I still have a dream. It is a dream deeply rooted in the American dream. I have a dream that one day this nation will rise up, live out the true meaning of its creed: "We hold truths to be self-evident, that all men are created equal."

If these "truths" are "self-evident," then, Dr. King pointedly inquires, how can our nation continue to exclude members of its populace from that which its populace is entitled to by the very beliefs on which our nation was founded?

Dr. Martin Luther King Jr.'s I Have a Dream" speech remains a powerful example of how logic and reason can be used to augment one's persuasive appeal.

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Martin Luther King's "I have a dream" speech is a powerful work of oratory, combining both eloquence and logic to make its point. There is an argument running underneath the speech, from its earliest paragraphs, that the freedom embedded within United States' very founding have remained unfulfilled, and will remain unfulfilled until racial equality has been achieved. King uses very powerful oratory to present this message, simultaneously working as an appeal to the emotions as well as to intellect. The message is a powerful one, making reference to the Constitution, the Emancipation Proclamation, all the way back to the Declaration of Independence, and King grounds his message in concrete reality (both historical and contemporary) as well as in the ideals these documents, and the country itself, were founded upon (and these ideals of universal justice and equality are not only cited but also illustrated and embodied in the last section of the speech). This speech provides a vision of what this country should be, drawn on a profound understanding as to the values the United States would claim to uphold, and the degree to which it has failed.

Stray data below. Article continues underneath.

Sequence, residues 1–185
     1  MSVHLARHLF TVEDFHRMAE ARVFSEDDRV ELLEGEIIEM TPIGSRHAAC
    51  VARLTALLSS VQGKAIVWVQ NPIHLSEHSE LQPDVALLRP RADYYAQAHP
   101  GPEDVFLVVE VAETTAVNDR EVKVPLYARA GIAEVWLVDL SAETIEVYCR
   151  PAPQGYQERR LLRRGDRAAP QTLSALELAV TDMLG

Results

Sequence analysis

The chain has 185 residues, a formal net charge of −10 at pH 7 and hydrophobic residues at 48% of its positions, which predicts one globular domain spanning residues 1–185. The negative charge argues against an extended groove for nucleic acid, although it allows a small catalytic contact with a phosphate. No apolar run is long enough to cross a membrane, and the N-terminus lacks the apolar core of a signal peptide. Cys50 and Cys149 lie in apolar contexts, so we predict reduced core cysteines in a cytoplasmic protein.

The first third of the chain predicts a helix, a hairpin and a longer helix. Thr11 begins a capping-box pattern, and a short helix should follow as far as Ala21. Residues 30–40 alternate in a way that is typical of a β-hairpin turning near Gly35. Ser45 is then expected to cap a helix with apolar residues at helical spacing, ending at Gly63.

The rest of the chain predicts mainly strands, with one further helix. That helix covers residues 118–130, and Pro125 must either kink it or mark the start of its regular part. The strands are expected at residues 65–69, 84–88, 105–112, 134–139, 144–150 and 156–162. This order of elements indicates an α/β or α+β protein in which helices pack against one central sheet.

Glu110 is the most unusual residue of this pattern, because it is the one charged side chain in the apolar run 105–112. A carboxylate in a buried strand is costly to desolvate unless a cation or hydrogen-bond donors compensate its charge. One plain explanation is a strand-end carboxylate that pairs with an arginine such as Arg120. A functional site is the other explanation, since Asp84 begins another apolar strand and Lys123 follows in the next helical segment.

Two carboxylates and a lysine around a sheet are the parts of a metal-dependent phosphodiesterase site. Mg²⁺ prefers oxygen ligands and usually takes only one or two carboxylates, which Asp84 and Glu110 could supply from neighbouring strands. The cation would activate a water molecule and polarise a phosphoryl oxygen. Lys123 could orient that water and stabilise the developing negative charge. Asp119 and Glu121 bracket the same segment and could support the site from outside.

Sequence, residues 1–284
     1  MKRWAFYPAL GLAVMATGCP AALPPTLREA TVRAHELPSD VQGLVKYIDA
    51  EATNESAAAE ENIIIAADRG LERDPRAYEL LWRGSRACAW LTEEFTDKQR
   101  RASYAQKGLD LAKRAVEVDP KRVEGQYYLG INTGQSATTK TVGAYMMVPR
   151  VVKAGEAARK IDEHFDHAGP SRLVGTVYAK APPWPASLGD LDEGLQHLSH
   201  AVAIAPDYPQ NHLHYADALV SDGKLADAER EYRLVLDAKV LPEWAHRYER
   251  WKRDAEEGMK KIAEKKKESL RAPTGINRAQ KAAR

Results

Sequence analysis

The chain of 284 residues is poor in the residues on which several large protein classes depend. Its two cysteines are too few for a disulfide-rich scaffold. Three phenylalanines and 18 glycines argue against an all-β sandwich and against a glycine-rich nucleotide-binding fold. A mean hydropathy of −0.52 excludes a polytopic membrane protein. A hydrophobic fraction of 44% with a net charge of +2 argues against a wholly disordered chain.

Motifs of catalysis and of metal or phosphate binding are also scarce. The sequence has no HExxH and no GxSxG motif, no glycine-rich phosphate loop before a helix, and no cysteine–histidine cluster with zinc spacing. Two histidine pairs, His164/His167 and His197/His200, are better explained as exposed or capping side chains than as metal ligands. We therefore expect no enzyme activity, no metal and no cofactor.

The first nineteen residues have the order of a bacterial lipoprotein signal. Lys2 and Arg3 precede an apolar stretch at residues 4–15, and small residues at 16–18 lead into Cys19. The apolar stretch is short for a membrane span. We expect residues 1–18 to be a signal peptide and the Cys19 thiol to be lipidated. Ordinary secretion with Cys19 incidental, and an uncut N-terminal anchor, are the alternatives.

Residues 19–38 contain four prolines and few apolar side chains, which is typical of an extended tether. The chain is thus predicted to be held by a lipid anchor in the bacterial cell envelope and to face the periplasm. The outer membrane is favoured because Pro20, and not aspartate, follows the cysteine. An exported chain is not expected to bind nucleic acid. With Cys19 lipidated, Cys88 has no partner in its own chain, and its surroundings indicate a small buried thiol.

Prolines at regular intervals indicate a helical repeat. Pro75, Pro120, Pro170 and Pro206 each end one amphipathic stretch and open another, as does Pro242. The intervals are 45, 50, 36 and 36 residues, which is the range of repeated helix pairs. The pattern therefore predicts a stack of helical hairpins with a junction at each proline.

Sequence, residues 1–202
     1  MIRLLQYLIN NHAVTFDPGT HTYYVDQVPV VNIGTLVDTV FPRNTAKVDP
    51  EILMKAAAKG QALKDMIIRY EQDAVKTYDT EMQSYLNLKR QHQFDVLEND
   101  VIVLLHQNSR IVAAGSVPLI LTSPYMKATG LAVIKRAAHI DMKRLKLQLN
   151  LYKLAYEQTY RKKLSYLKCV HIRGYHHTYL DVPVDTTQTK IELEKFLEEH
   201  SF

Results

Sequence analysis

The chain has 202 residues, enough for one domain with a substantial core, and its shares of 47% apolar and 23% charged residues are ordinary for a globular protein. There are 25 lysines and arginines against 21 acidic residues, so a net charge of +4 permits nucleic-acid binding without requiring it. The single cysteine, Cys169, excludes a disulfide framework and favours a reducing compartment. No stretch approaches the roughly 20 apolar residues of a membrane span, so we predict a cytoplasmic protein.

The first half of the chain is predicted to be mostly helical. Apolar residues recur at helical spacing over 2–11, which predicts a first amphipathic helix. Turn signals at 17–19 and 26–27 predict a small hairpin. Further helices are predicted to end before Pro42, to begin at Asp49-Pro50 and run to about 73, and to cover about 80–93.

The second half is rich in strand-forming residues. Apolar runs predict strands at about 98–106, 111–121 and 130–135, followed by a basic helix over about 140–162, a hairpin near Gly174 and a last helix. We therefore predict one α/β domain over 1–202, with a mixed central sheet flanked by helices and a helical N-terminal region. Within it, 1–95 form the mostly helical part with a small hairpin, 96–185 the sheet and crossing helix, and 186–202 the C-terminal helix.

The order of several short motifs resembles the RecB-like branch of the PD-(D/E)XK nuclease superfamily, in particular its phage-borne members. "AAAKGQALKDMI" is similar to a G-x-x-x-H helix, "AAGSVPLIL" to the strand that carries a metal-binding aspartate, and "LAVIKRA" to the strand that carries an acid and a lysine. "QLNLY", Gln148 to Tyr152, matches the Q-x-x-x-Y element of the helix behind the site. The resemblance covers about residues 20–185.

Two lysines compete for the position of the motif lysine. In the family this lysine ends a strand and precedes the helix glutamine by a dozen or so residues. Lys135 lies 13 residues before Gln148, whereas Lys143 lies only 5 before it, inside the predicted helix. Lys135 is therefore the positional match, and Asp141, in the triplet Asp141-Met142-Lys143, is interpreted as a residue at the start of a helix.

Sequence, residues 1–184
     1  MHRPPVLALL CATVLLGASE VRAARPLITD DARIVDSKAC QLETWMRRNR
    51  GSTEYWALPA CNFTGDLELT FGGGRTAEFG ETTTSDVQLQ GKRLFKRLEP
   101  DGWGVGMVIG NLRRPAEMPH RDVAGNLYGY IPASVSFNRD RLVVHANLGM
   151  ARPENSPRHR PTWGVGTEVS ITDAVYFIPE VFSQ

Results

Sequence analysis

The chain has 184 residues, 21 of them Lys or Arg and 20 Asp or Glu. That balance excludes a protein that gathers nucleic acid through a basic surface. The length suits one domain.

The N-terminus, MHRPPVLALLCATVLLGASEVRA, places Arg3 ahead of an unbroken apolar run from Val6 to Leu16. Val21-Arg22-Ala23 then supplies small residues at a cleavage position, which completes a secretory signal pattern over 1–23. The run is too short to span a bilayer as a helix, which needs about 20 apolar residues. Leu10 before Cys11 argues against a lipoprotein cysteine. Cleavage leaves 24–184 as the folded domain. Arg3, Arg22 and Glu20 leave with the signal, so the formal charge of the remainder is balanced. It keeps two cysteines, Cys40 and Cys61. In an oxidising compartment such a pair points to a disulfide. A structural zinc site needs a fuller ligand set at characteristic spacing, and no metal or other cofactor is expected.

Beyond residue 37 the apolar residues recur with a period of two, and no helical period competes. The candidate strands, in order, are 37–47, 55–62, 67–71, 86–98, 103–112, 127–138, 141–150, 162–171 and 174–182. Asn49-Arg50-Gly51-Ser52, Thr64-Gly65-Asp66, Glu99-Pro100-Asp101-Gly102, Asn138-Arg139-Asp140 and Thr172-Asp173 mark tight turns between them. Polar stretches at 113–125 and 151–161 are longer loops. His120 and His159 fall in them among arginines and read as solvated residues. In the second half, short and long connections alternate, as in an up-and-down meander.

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Logos is an appeal to logic, a way to persuade the reader or listener by using reason. In Martin Luther King's "I Have a Dream" speech, several examples of logos can be found. Consider the following quote: "When the architects of our Republic wrote the magnificent words of the Constitution and the Declaration of Independence, they were signing a promissory note to which every American was to fall heir." King appeals to logic in the sense that what has been denied to African Americans is something that was promised to all. He uses the example of a check with "insufficient funds" as a representation of this broken promise.

A second example of logos can be found when King states that "In the process of gaining our rightful place we must not be guilty of wrongful deeds." King implies the logic that actions have consequences. He persuades African Americans to continue on their quest for freedom, but to do so within the law.

King again appeals to logic when he says of white people, "They have come to realize that their freedom is inextricably bound to our freedom." Here, King attempts to persuade white people to join the movement for equal rights by tying their freedoms to those of African Americans.